Tiffany & Co. revises down its profit forecasts following a year of currency headwinds
Luxury jewellery company Tiffany & Co. has lowered its profit expectations for this quarter. The news follows a slide in its worldwide sales in the company’s fourth quarter.
The company reports strong pressure on sales as a result of US dollar (USD) strength. This means that overseas sales result in less revenue when repatriated back into the US currency.
US dollar strength has made tourism to the United States more expensive, driving down the number of tourists to its shores. Tiffany & Co. attributes nearly a quarter of its US sales from foreign visitors. This demographic also makes up more than 40% of sales at the company’s flagship store in Manhattan.
“We are assuming that sales and earnings growth in 2016 will continue to be pressured by various factors including a further strengthening of the dollar,” noted Frederic Cumenal, Chief Executive Officer of Tiffany & Co., “along with volatile and uncertain economic and equity market conditions that will likely affect consumer spending.”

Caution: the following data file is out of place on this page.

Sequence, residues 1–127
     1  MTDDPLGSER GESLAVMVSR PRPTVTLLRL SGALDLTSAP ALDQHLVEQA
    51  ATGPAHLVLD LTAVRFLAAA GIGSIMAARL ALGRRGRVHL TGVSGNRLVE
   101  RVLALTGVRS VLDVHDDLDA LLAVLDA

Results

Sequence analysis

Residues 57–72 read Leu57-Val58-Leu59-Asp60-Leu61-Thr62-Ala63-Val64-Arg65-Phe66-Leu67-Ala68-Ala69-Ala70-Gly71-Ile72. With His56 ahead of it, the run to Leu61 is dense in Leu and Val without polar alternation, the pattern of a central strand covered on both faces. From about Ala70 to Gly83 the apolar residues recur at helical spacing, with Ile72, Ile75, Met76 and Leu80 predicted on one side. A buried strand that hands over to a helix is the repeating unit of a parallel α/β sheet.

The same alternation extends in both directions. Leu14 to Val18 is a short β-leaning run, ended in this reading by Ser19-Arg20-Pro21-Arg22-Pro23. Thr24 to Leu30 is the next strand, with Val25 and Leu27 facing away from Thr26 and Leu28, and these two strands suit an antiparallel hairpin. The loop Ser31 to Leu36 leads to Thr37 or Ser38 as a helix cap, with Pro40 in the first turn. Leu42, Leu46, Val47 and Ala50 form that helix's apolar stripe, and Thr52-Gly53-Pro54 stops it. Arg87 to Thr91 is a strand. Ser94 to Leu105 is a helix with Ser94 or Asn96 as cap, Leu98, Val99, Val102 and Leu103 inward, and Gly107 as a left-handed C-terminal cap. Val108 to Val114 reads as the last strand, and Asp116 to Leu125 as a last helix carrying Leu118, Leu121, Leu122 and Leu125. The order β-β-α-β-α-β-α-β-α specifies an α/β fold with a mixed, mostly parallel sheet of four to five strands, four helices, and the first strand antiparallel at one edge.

“Dollar strength results in less revenue from overseas sales for US-based companies,” says Carl Hasty, Director of international payments specialist Smart Currency Business. “However, these companies – like Tiffany & Co. – face dollar volatility due to a wide range of economic risks. It is not only dollar strength they have to worry about, but currency exchange fluctuations.”
The company now expects earnings per share to fall 15% to 20% in this quarter, and 5% to 10% in the next quarter, followed by growth in the latter half of 2016.